In quantum computers, single photon circuits are an essential component. The circuit contains a quantum bit or qubit connected with a resonance circuit. This resonance circuit restricts photon output at a particular frequency.
This frequency depends on the circuit design. The restriction by resonance circuit means scientists require to repair them each time whenever a different frequency is required. Although it is time and labor exhaustive.
Scientists overcome this problem by developing a new tunable device. They have developed a highly effective, single photon microwave source.
This research is done by scientists from NPL in collaboration with RIKEN in Japan, the Moscow Institute of Physics and Technology and Royal Holloway, University of London.
This new single-photon microwave source is capable of generating single photons over a wide range of frequencies on demand. It has the potential to be used in various applications.
For example, in quantum computing, quantum information technology, and in studying the basic reactions between light and matter in quantum circuits. The device comes with more than 80% of efficiency. This is extremely competitive as compared to other sources.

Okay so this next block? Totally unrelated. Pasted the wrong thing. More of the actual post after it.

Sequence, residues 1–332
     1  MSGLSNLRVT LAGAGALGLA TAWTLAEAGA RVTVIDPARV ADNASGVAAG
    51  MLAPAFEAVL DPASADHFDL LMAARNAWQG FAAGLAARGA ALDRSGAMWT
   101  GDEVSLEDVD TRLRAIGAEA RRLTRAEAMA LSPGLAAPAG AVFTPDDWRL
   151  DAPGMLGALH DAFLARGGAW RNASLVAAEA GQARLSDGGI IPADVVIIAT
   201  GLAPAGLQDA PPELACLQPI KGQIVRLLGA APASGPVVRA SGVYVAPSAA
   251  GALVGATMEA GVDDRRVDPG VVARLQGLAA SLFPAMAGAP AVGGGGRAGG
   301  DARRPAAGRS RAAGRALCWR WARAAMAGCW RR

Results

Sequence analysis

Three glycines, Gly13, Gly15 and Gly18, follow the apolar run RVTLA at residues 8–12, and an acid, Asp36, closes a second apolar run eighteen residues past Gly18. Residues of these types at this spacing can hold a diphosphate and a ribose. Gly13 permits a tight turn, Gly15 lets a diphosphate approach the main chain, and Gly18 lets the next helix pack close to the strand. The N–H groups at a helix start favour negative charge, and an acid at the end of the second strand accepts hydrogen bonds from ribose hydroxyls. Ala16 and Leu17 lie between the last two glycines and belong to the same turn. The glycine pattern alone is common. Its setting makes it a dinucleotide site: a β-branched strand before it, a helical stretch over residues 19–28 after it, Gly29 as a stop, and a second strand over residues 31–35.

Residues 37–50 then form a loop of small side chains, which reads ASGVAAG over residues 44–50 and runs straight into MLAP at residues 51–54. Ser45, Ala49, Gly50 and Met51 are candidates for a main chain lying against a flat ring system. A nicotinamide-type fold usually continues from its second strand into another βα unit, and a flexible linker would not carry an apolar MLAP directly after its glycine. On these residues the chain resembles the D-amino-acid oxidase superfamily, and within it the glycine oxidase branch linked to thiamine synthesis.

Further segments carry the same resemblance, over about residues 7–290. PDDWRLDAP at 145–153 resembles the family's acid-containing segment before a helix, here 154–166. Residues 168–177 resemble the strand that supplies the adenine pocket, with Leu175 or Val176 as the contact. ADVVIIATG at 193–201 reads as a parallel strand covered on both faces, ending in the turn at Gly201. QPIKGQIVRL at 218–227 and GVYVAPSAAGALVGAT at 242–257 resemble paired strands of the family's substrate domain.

The technology uses a super-cooled qubit that connects two open ends of a broken transmission line. At one end, microwave photons are outputted and strongly joined with a qubit.
Whereas the other end of the transmission line is weakly connected and used as the input port to activate the single photon emission from qubit. An input pulse is used to inspire the qubit into a higher energy state, similar to an electron orbiting an atom.
After being inspired, the qubit relaxes instantly and produces a single photon. The qubit energy can be tuned so that altering the frequency of the output photons.
This single-photon microwave source can also be used to shed light on the basic interactions between light and matter.